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Hundreds of Atlantic Menhaden washed up in North Myrtle Beach on Sept. 11. Photo courtesy of the city of North Myrtle Beach

North Myrtle Beach is cleaning up hundreds of fish that began washing up along Cherry Grove starting Thursday night, said city spokesperson Pat Dowling. 

The fish are all one species, Atlantic Menhaden, and are all in a line at the high tide mark, Dowling said.

The city is using a a beach rake to clean them up, said Dowling, who added that the S.C. Department of Health and Environmental Control would investigate what happened.

Atlantic Menhaden are a foraging fish that feed off phytoplankton and zooplankton, according to the National Oceanic and Atmospheric Administration. They can live up to 10 years-old, reach up to 15 inches when fully-grown, and weigh up to a pound at maturity.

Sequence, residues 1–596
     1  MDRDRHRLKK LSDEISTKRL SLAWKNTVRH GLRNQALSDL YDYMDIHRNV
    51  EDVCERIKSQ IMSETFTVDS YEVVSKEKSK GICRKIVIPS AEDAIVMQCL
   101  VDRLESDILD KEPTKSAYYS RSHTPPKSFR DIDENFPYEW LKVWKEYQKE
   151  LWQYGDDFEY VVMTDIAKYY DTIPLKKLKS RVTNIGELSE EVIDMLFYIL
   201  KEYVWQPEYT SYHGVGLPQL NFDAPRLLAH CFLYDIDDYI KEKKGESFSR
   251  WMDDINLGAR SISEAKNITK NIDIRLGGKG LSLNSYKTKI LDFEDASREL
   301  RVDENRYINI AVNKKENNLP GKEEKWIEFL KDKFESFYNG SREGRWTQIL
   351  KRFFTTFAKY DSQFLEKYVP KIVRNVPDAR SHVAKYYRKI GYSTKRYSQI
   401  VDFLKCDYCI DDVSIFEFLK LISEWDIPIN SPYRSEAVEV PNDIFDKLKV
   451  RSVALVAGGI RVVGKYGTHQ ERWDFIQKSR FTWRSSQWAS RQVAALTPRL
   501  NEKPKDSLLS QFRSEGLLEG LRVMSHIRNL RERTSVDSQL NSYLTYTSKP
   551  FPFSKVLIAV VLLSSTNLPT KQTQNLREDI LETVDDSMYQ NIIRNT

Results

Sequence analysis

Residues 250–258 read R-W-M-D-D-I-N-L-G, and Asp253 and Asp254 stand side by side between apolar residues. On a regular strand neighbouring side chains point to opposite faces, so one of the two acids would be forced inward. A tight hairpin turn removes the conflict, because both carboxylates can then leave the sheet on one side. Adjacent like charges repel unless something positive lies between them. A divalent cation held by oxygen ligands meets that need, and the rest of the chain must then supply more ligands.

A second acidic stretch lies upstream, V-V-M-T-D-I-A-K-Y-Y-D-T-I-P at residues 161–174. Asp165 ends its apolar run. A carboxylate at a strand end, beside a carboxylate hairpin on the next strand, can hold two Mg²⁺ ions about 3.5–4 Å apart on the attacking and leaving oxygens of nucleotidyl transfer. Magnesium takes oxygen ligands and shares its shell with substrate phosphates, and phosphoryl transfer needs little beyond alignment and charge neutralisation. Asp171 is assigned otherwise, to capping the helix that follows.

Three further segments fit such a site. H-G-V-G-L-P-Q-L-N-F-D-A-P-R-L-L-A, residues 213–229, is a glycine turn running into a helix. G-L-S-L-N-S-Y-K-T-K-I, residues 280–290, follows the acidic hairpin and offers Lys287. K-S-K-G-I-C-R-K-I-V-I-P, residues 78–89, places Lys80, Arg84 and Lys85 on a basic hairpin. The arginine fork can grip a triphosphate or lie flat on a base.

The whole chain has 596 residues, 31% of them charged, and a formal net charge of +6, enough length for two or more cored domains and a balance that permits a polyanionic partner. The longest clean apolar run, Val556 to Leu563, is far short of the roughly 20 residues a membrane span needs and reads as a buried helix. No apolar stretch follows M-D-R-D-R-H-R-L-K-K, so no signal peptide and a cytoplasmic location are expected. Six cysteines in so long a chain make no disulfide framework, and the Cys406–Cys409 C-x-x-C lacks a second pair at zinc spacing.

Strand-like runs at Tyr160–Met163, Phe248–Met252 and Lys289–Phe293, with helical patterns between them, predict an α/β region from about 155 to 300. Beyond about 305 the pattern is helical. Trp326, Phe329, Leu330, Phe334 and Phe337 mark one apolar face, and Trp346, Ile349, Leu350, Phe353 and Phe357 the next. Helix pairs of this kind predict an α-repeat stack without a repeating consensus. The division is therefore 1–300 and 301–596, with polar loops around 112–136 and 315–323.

They're often harvested for fertilizer, animal feed, bait, and both human and animal supplements.  

Around 1 p.m. Friday, the city said it was almost done using three mechanical beach rakes to clean up the fish. 

According to DHEC, fish kills often occur in the summer because warmer water doesn't hold as much oxygen, which can cause too much stress for fish, and kills them in large numbers. 

A DHEC spokesperson said Friday's fish kill posed no threats to humans.

Menhaden2

Hundreds of Atlantic Menhaden washed up in North Myrtle Beach on Sept. 11. Photo courtesy of the city of North Myrtle Beach

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